JEFFERSON CITY — Missouri Gov. Jay Nixon came out in opposition Monday to a proposed three-quarters cent sales tax hike for transportation, casting it as the latest example of a misguided tax policy by state legislators.
Nixon's formal statement against the sales tax proposal came a little over a week after he used his gubernatorial powers to move up the measure's election date from November to August, which gives supporters less time to develop a public relations campaign.
"This tax hike is neither a fair nor fiscally responsible solution to our transportation infrastructure needs, and it does not have my support," Nixon said in a written statement.
The Republican-led legislature voted in May to refer the transportation tax to this year's ballot in a vote that split the political parties, drawing some Democratic support but also some Republican opposition. Because it is in the form a constitutional amendment that is decided by voters, the measure did not have to go before the Democratic governor for his signature or veto. But Nixon still has authority to determine the election date for ballot items.
Nixon noted that legislators this year also approved a gradual income tax cut — by overriding his veto — that is projected by legislative researchers to eventually reduce state revenues by $620 million annually. Lawmakers also approved a series of specially tailored tax breaks for particular industries, organizations and consumers that Nixon says could reduce state and local revenues by an additional $776 million annually.
Republican legislative leaders have disputed some of Nixon's cost estimates.
The ballot proposal says the sales tax will generate $534 million annually for 10 years while prohibiting increases in the gas tax.
Nixon put the 10-year price of the transportation sales tax at $6.1 billion, assuming a yearly growth in sales tax revenues instead of a steady annual amount. He said the net effect of the legislature's proposals would be to raise taxes on consumers while cutting them for businesses and wealthy individuals.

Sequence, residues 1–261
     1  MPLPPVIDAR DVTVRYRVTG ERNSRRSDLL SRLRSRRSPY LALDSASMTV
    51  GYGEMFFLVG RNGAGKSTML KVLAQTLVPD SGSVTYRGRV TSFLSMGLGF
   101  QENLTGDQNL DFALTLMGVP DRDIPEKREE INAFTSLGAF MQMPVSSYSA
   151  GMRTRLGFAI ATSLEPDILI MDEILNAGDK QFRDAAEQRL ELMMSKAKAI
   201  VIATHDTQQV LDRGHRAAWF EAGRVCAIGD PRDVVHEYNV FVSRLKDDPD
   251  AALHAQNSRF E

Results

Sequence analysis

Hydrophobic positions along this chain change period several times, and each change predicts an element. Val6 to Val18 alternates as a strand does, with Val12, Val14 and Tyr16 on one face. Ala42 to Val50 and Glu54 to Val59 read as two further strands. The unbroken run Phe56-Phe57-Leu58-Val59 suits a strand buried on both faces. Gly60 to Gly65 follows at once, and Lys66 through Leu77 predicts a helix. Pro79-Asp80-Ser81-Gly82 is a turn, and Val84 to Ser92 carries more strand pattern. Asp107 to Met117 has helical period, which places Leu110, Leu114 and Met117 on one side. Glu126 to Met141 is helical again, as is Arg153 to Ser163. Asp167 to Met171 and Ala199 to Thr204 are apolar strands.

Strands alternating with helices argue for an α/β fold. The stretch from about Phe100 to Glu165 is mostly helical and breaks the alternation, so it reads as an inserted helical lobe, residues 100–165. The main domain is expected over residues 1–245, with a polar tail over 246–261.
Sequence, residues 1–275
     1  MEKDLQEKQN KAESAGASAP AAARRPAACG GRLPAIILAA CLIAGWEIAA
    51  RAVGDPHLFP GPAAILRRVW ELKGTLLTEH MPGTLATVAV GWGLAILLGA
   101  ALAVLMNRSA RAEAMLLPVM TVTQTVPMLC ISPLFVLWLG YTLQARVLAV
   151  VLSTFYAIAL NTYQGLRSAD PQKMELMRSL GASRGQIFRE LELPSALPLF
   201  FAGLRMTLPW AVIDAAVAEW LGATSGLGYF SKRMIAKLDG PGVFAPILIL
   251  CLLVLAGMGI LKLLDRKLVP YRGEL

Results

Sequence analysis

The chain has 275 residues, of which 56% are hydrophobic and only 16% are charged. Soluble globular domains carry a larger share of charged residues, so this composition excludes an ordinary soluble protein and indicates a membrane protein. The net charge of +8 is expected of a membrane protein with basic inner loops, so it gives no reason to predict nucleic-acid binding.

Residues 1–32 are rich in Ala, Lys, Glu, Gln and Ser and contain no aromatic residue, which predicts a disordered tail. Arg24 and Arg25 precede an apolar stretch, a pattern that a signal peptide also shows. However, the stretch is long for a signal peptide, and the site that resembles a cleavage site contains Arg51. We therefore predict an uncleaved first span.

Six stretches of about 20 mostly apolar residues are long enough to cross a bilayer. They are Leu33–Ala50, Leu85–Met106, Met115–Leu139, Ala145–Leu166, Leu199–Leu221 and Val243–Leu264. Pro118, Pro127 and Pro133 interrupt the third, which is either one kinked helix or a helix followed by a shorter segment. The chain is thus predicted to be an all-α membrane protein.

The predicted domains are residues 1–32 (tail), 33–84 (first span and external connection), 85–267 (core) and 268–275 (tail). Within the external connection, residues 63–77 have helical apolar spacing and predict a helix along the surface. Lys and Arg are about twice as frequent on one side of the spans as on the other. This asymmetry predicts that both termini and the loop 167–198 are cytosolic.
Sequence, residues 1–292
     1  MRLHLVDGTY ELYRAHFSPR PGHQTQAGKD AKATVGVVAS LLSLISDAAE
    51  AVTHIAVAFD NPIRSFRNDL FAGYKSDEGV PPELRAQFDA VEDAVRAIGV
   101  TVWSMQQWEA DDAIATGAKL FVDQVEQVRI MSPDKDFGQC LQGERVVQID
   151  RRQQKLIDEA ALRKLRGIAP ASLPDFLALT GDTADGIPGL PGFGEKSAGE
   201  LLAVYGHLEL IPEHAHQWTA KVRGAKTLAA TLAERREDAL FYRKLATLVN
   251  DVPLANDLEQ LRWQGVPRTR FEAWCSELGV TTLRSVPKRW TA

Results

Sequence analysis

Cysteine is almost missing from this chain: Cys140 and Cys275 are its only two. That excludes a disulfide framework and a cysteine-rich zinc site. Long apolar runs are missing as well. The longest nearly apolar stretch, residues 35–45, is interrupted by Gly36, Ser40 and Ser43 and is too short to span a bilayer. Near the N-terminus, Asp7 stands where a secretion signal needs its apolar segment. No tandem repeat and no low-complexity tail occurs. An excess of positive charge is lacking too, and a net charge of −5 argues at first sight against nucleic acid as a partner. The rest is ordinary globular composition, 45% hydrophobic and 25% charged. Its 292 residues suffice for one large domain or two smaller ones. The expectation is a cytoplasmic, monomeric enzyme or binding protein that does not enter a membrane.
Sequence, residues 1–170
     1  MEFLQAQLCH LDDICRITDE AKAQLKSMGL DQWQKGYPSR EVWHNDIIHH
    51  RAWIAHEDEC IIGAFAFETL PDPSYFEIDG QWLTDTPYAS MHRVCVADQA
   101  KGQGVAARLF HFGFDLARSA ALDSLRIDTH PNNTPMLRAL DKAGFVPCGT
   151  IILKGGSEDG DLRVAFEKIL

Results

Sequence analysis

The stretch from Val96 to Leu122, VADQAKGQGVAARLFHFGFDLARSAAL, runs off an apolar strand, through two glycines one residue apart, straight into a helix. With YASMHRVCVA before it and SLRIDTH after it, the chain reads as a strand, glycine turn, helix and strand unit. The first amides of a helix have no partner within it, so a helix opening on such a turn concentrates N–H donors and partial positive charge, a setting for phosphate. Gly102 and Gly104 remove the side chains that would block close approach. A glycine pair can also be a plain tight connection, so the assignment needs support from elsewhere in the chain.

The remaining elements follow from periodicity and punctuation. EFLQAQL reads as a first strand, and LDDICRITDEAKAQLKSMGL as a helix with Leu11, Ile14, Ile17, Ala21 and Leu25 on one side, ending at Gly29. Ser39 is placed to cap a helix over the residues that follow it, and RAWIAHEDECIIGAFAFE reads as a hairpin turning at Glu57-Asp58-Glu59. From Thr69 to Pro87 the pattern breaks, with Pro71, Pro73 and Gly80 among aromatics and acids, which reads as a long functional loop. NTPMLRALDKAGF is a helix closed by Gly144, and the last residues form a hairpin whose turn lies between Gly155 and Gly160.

The tax burden "would fall disproportionately on Missouri's working families and seniors by increasing the cost of everyday necessities like diapers and over-the-counter medication, while giving the heaviest users of our roads a free pass," Nixon said.
The Missouri Department of Transportation has said it soon won't have money to adequately maintain roads and bridges, much less undertake any major new projects, because of declining revenues. Over the past five years, Missouri's construction budget for roads and bridges has fallen from about $1.3 billion annually to $685 million this year. It is projected to dip to $325 million by the 2017 budget.
That's due partly to a 2004 voter-approved bond measure that financed a surge in spending but is now being paid off. Federal highway funds also have become more uncertain. Fuel taxes have flattened out. And costs have risen for construction materials such as concrete, asphalt and steel.
State Sen. Mike Kehoe, a former state transportation commissioner, said Nixon's opposition to the sales tax proposal "demonstrates that he is clueless about the current state of Missouri's transportation infrastructure."
Missouri has the seventh largest road system in the U.S. while ranking 43rd in funding, Kehoe said. The sales tax would improve that while creating "tens of thousands of good, high-paying jobs" in the construction industry, said Kehoe, R-Jefferson City.
The transportation department said it plans to release a list of projects by June 13 that could be funded if voters pass the sales tax. After a public comment period, the transportation commission plans to vote on a final project list on June 26.